Illinois law 750 ILCS 5/600) has changed when it comes to child custody. As you may know, Illinois no longer uses the terms “child custody” or “visitation.” Instead, the law has shifted to using the terms “parental responsibilities,” “significant decision-making responsibilities,” and “parenting time.” The new language emphasizes the importance of the relationship between the child and his or her parents, and it also highlights how a parent’s responsibilities and time with her children are not simply formulaic matters that apply uniformly to every case.
But what does the new law mean for child custody cases? We will provide you with basic information about decision-making responsibilities and parenting time. If you need assistance with a case, an experienced Chicago family law attorney can help.
Parenting Time and Caretaking Functions
Parenting time is similar to what we used to describe as physical custody or visitation. It involves providing caretaking functions for the child, which include but are not limited to:
Allocation of Parental Responsibilities Under Illinois Law
Generally speaking, “parental responsibilities” is a term that refers to both significant decision-making responsibilities for the child and parenting time. The allocation of parental responsibilities is similar to what we used to know as legal custody. The statute clarifies that parental responsibilities include important decision-making responsibilities concerning the child’s well-being and upbringing, including:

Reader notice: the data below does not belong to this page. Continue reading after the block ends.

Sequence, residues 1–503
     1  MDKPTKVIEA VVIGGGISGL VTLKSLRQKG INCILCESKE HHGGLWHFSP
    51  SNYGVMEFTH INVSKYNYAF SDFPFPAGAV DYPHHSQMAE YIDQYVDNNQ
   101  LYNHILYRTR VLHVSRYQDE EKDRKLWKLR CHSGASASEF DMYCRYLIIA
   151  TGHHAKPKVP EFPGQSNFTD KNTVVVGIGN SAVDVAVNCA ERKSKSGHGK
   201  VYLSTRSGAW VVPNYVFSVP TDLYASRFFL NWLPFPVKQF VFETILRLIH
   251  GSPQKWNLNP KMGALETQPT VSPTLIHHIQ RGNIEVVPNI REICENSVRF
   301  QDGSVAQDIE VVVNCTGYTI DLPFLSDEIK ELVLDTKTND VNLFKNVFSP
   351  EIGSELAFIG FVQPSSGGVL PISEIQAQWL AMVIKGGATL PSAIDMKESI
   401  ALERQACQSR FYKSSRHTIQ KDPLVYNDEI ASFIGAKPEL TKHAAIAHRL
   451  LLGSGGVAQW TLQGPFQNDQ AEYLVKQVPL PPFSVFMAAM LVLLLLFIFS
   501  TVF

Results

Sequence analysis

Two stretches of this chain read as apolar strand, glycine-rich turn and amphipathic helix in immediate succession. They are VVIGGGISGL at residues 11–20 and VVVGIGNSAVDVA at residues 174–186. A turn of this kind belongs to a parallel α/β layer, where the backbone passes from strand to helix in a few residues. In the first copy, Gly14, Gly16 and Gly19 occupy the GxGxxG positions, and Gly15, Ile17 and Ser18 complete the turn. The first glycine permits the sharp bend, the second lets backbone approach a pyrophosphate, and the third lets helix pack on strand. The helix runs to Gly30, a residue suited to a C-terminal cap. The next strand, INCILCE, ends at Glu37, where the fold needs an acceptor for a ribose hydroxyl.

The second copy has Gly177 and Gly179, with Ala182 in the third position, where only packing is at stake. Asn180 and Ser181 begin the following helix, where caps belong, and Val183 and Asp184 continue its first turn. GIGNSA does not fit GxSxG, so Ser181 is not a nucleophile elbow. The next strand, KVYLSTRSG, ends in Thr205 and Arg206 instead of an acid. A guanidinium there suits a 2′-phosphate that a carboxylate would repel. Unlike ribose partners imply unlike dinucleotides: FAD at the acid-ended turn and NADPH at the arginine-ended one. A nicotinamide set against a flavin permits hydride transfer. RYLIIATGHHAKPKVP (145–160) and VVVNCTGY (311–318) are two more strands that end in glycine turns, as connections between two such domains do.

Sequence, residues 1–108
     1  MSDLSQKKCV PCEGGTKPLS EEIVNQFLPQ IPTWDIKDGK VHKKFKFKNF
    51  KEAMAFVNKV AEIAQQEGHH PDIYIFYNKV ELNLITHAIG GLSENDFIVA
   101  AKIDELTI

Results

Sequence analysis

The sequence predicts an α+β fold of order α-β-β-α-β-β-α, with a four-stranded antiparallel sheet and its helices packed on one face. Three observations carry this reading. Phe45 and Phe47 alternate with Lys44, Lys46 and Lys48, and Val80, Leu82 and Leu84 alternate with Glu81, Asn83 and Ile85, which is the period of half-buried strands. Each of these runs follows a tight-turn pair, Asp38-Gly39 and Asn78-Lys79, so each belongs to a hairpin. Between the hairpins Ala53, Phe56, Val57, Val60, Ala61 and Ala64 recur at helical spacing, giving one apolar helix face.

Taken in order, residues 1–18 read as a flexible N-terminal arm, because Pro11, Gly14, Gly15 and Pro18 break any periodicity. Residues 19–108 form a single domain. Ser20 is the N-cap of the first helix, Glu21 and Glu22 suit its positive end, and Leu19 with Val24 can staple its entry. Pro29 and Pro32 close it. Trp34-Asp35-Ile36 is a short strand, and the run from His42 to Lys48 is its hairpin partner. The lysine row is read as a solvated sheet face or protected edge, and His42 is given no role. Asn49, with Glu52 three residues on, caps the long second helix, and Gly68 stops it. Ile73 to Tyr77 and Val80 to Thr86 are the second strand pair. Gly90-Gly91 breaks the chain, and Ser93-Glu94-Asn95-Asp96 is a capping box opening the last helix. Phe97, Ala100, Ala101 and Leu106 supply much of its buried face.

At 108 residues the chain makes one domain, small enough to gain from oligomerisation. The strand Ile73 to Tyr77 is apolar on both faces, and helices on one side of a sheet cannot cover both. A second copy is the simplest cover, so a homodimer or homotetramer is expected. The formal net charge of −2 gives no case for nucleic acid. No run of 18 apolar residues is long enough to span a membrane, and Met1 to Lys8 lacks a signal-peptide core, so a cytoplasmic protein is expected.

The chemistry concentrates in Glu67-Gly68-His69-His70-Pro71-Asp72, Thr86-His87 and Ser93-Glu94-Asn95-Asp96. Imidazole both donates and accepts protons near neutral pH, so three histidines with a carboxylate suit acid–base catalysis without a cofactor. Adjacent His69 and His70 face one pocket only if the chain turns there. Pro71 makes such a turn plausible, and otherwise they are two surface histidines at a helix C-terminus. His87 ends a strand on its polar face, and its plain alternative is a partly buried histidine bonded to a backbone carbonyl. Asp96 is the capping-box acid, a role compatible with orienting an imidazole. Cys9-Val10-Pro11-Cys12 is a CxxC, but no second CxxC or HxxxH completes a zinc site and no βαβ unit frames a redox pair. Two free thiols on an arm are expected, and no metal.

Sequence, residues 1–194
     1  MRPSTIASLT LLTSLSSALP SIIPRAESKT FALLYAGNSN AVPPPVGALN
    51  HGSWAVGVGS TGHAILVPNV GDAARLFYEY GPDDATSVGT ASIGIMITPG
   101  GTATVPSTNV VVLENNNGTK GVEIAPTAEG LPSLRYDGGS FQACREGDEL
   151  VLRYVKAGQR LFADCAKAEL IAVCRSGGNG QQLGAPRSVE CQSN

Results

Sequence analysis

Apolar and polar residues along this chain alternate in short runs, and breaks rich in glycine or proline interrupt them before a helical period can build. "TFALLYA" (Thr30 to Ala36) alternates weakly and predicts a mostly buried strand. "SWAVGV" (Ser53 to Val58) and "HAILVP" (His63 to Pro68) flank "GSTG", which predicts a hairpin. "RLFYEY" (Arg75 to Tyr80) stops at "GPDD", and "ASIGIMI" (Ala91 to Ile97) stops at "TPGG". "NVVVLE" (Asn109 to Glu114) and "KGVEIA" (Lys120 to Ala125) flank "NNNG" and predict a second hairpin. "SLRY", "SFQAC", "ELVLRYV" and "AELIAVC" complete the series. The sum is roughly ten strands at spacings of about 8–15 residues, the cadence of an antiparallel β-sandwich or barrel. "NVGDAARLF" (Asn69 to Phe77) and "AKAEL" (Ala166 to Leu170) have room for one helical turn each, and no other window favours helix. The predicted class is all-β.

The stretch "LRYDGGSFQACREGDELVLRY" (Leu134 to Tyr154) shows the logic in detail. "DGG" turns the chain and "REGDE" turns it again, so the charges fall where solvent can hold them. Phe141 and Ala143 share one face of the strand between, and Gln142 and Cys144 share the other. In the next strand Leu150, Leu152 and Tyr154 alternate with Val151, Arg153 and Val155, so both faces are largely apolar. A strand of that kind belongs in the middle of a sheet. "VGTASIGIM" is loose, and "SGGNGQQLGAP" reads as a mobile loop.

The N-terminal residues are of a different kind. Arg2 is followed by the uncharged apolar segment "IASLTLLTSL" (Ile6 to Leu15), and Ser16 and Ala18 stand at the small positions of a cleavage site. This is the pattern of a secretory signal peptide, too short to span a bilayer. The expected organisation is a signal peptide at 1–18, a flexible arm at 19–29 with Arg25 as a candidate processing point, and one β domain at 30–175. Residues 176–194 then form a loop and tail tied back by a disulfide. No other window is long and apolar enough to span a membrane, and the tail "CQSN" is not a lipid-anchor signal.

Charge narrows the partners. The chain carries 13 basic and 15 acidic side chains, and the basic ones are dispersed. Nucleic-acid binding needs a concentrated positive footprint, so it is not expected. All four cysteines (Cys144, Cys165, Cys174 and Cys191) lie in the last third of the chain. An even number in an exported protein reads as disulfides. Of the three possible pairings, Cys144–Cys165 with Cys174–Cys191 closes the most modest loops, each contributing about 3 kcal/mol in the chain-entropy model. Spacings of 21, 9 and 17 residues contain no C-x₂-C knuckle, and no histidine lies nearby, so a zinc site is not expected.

Parental responsibilities can be allocated to one or both parents. Under the new laws, parental responsibilities can be more flexible. For example, one parent might make decisions about religion while the other parent makes decisions about education. In the same scenario, the parents can share decision-making responsibilities about the child’s health care needs. On another scenario, all important decision-making responsibilities may be allocated to only one parent.
When the court allocates parental responsibilities, it takes into account numerous factors, including but not limited to:
Allocation Judgments and Parenting Plans
There are two different ways in which parental responsibilities and parenting time can be allocated: through an allocation judgment from the court or through a court-approved parenting plan. When the parents work together to develop a mutually agreed upon parenting plan that is in writing, the court can approve it, turning it into a binding agreement.
When the parents cannot agree, the court will allocate parental responsibilities, including both significant decision-making responsibilities and parenting time. This becomes known as an allocation judgment, and it is binding on the parties, as well.
Contact a Chicago Family Law Attorney
Do you have questions about parental responsibilities and parenting time under the new Illinois law? An experienced Chicago parenting time lawyer can assist with your case. Contact Arami Law to learn more about the services we provide to families in the Chicago area.
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